Living on the Gulf Islands in a very funky colourful cottage Violette writes and illustrates on average one book every two years, gives talks on The Creative Spirit and appears on various T.V. shows demonstrating that you can march to the beat of your own drum, make a living and be blissfully happy. She has produced a line of DVD's which encourages and inspires people through creative projects. Her message is that being creative is a path to wholeness, a path to loving yourself more deeply. When you love yourself the love will spill over onto all who cross your path!
One of her best memories is of traveling throughout Africa keeping a visual journal of her adventures and donating all of the proceeds of the published journal to the organization "Aids Africa".
You'll still find her tooling about the island in her gaily painted and glittered VW van.
Q: You say that you're "process oriented" in your art. What does that mean?
A: To me process oriented means that what is most important is the journey of creation, not so much the end product. Unfortunately, our society values product so much that process is not held in as high regard as I'd like it to be.
Many years ago I received my lay counseling certificate, and I also went back to school in my mid-thirties to become a psychologist. I ended up quitting halfway through. The value, however, of psychology in the creation of art has remained with me all these years. The only way I learn and can teach what I learn is through direct experience. I can tell you unequivocally that Art Saved my Life! That is why I'm so passionate about teaching what I know as well as inspiring people to use art as a tool for transformation. When you get lost in the process of creation and intuitively give a voice to your feelings or experience, there is no greater joy or release than that. You certainly don't have to share your art with anyone, it's for you to decide if you do. The journey is alchemical!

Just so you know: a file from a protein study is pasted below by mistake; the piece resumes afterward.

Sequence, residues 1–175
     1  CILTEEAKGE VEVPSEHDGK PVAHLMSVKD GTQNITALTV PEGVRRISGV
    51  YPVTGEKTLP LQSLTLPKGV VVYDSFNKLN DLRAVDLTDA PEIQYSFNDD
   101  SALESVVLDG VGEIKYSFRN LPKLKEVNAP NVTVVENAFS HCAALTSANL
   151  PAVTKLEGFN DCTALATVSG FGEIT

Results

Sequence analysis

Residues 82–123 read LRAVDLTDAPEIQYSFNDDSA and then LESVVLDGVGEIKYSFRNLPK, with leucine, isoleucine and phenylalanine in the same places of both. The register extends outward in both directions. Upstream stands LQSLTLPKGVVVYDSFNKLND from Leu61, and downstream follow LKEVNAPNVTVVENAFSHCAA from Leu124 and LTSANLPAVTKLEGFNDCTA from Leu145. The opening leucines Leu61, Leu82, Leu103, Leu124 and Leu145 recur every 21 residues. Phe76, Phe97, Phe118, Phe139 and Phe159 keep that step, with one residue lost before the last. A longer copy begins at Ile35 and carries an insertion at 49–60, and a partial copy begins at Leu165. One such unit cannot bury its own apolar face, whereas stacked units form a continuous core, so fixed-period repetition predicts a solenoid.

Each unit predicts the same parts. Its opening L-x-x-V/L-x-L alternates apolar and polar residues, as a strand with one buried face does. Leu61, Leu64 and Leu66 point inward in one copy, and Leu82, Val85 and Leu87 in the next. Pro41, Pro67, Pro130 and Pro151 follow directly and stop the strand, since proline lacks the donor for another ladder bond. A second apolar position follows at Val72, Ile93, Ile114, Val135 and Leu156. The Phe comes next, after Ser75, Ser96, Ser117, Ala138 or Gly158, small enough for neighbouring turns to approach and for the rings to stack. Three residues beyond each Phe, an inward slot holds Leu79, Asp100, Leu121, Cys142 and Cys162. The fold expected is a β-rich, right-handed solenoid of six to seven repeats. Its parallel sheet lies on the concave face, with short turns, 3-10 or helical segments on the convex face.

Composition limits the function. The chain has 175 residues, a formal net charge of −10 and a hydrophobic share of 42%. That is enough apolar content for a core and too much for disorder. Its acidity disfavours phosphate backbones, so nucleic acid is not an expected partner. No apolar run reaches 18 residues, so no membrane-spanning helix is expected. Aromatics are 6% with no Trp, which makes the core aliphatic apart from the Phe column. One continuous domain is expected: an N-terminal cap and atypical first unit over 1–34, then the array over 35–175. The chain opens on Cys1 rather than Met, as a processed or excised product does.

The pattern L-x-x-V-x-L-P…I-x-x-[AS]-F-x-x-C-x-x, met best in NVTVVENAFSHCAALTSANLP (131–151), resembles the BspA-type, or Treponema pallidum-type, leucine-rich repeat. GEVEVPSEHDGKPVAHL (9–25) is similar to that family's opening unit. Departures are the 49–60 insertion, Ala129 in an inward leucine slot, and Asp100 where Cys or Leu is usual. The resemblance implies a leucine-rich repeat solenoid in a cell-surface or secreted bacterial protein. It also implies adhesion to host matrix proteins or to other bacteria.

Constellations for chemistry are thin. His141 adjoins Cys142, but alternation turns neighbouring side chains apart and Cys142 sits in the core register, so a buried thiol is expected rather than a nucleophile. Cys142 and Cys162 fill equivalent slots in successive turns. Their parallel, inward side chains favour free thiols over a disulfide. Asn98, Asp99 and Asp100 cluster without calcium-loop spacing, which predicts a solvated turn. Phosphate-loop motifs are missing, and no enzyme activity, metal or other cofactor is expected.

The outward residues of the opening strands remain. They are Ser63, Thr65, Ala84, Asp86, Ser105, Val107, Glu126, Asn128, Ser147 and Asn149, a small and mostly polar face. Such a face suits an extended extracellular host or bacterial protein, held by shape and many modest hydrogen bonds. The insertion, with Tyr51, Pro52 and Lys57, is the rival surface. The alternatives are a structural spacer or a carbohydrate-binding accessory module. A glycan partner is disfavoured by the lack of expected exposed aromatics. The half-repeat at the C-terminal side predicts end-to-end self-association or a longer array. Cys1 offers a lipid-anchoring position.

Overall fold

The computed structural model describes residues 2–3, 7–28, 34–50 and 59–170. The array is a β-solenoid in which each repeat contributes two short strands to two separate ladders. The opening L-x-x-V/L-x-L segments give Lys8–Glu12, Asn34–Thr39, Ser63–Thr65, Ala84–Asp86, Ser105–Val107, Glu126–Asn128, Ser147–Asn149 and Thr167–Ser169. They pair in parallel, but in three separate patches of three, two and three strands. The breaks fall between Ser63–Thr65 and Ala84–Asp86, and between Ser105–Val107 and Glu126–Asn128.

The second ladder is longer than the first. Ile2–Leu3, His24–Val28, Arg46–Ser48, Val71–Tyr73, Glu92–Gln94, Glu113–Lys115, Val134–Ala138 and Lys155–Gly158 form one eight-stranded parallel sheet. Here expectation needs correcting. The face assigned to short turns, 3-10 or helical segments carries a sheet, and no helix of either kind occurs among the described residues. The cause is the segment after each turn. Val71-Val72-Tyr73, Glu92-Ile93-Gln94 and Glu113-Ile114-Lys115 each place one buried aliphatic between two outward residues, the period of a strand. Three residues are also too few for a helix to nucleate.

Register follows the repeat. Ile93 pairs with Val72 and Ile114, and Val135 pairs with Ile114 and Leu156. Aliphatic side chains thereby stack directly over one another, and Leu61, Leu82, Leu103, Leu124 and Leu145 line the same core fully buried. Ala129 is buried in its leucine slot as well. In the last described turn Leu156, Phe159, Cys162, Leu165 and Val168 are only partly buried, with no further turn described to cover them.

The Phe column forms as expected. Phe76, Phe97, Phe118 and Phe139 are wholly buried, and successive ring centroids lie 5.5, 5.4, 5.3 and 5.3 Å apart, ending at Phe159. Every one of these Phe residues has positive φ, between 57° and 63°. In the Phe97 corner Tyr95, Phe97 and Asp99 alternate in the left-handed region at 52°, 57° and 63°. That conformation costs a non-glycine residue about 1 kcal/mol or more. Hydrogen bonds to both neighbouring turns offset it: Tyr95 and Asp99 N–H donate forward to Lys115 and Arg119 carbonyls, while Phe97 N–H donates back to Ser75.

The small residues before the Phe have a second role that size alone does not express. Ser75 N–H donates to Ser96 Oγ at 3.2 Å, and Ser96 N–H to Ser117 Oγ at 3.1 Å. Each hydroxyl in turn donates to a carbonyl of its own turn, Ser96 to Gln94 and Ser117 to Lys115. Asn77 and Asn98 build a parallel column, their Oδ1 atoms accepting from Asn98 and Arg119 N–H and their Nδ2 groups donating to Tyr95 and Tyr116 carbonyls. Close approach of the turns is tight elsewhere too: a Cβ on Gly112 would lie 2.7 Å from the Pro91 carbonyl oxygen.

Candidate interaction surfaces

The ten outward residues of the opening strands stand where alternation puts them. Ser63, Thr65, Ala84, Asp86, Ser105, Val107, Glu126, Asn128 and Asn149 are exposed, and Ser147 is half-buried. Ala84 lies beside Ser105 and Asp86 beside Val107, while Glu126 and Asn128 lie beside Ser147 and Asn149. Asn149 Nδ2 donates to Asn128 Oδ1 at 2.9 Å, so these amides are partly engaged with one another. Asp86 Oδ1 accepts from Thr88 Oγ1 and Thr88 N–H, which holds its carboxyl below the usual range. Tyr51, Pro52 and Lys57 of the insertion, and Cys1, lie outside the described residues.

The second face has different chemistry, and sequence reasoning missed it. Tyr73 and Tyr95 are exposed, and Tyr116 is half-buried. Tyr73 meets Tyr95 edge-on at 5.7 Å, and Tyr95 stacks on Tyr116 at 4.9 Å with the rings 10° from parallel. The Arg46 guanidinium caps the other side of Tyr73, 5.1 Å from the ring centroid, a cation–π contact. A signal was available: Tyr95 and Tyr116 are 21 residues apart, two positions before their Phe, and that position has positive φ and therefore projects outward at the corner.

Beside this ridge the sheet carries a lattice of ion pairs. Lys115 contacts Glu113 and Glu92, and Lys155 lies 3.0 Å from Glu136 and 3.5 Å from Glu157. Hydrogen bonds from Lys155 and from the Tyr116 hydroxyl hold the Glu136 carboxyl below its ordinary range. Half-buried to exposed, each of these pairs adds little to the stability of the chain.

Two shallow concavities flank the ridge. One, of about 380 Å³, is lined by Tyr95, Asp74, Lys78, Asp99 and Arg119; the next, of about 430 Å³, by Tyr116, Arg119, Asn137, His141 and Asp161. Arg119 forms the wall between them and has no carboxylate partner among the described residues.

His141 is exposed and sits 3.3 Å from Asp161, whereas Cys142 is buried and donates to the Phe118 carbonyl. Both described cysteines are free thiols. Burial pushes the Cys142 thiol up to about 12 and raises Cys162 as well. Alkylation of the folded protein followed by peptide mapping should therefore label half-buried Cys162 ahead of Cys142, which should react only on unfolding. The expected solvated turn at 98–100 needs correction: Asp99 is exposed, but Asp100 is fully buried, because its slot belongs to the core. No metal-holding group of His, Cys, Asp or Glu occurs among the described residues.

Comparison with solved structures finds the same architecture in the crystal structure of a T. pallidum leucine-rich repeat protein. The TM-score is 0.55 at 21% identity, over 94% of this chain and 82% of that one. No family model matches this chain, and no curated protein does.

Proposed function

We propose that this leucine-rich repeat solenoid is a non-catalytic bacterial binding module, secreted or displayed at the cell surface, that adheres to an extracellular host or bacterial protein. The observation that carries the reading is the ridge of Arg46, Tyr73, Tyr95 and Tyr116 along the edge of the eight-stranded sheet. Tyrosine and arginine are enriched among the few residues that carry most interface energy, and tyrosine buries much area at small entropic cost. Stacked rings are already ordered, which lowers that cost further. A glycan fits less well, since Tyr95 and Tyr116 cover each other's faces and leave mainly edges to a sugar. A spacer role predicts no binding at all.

Q: Tell me about what inspired you to create a coloring book for adults? And what "magic" are you hoping it brings to people's lives?
A: I was inspired to create a colouring book because my friend and artist Tracy Dove from Arizona had sent me hers and I fell in love with the idea of a colouring book for adults. I could see the value in giving people permission to play, cut loose and have fun! Colouring is very relaxing. On the back of the colouring book I have the rules which are:
There are no rules.
Colour inside the lines, colour outside the lines, colour over the entire image.
Use the backs of the colouring pages to create your own drawings, then colour!
Embellish your pages with stickers, glitter, jewels and magazine pictures.
Use the images to inspire you to live life more exuberantly!
Give yourself Permission to have fun and cut loose.
Encourage your friends and co-workers to have a colouring contest. Everyone wins a prize... think fun prizes from the dollar store!